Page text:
Straightening her back and elongating her neck, she centers herself at the top of the stairs.
He escorts me down the stairs, out the door, and we stand for a moment beneath the outstretched arms of the giant elms.
Cameras then show Monserrate pulling his girlfriend down the stairs.
At 10 past 5, a middle-aged white man climbed the stairs out of the City Hall subway.
My old building has no bomb shelter, so we sat under the stairs.
Jekyl had never returned, nor had any one descended the stairs since his departure.
"A little alarm I've had fixed under one of the treads of the stairs," said the other.
When Dicksie came down, Marion stood at the foot of the stairs.
"I've got a buzzer under one of the treads of the stairs," said the colonel.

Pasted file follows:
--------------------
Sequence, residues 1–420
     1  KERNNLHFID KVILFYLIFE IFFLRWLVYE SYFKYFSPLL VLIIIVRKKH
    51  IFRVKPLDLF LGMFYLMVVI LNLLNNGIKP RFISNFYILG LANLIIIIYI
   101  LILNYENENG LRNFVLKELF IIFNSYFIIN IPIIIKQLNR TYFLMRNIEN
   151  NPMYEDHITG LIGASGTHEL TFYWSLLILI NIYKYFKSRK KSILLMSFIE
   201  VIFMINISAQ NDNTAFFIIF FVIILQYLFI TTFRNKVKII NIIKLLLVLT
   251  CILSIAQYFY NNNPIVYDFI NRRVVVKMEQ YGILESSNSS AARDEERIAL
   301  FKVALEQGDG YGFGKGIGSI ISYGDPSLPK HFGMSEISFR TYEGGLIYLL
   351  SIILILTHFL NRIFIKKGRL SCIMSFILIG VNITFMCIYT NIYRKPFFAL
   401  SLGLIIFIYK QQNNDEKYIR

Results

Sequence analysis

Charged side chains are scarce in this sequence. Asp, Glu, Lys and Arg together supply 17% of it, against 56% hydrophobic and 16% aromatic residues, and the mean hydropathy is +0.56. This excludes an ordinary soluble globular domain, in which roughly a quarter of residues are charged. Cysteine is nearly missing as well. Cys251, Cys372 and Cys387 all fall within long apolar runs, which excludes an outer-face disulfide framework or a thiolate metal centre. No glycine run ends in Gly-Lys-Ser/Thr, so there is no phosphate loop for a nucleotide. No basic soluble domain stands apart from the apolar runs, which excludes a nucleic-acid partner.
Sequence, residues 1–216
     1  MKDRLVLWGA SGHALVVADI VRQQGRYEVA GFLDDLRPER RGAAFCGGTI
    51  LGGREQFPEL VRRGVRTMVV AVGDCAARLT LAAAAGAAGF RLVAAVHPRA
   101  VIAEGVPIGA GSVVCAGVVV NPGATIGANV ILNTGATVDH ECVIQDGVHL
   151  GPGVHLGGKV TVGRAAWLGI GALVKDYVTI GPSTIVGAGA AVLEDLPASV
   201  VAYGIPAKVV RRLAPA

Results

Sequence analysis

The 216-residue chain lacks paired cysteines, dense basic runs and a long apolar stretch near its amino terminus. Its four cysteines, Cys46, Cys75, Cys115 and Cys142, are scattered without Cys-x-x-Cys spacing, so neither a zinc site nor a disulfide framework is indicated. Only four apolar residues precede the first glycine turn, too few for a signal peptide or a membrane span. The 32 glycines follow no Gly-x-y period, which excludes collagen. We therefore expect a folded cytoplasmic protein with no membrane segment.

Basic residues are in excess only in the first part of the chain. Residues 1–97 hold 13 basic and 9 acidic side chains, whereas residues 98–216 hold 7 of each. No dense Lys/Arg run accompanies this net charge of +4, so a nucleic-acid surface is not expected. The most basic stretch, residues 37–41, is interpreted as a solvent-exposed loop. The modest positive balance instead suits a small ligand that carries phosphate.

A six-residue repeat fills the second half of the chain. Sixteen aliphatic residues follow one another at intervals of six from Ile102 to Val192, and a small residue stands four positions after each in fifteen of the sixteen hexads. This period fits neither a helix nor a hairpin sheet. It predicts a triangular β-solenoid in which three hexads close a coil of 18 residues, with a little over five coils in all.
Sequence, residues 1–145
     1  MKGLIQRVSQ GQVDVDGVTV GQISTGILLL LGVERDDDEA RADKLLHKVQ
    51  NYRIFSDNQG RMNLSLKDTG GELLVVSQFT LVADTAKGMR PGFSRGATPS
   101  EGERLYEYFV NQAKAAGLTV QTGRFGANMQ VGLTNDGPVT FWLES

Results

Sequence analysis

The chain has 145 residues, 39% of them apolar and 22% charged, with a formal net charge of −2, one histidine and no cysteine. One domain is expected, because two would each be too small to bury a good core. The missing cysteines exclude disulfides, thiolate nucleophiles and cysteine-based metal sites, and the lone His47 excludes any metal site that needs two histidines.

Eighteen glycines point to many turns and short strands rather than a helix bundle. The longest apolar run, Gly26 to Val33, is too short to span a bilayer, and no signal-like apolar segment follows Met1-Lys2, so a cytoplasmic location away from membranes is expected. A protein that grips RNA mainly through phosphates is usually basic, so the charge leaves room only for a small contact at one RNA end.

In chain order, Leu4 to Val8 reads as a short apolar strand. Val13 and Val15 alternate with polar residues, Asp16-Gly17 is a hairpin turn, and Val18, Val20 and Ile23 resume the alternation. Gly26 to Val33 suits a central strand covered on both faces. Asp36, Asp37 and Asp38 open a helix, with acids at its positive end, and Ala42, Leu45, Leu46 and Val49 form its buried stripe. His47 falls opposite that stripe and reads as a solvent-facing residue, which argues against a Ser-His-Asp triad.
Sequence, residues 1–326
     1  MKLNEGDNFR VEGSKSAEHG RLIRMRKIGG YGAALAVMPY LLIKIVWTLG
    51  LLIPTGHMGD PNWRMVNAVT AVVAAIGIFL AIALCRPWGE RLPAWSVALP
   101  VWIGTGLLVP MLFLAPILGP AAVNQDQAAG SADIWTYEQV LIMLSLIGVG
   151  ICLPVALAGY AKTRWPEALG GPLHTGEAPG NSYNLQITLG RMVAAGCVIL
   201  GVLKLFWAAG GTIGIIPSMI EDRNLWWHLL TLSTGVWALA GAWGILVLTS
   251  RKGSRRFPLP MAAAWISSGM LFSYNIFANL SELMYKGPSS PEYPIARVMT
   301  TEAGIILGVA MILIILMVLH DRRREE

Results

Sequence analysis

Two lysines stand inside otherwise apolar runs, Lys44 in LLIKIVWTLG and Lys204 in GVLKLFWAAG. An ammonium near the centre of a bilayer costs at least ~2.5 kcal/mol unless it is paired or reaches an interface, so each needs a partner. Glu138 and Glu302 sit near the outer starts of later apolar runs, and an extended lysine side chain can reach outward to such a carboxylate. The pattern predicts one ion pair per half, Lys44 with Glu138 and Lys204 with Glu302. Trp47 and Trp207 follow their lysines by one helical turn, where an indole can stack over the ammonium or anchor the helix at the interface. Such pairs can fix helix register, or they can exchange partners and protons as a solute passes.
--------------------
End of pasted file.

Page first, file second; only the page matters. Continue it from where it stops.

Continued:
She got a glimpse of him standing thus, as she came down the stairs.
Old English stæger "flight of steps," also "a single step," from Proto-Germanic *staigri (cf. Old Norse and Old Frisian stiga, Middle Dutch stighen, Old High German stigan, German steigen, Gothic steigan "to go up, ascend;" Old English stigan "to climb, go;" German Steig "path," Old English stig "narrow path"), from PIE *steigh- "go, rise, stride, step, walk" (cf. Greek steikhein "to go, march in order," stikhos "row, line, rank, verse;" Sanskrit stighnoti "mounts, rises, steps;" Old Church Slavonic stignati "to overtake," stigna "place;" Lithuanian staiga "suddenly;" Old Irish tiagaim "I walk;" Welsh taith "going, walk, way").
Originally also a collective plural; stairs developed by late 14c. OED says stair still is ordinary in Scotland where flight of stairs would be used elsewhere.
A faltering and unsteady physical state, esp from liquor or narcotics intoxication: The next day you've got the staggers and your fine coordination is destroyed for 72 hours
[1599+; originally a disease of animals]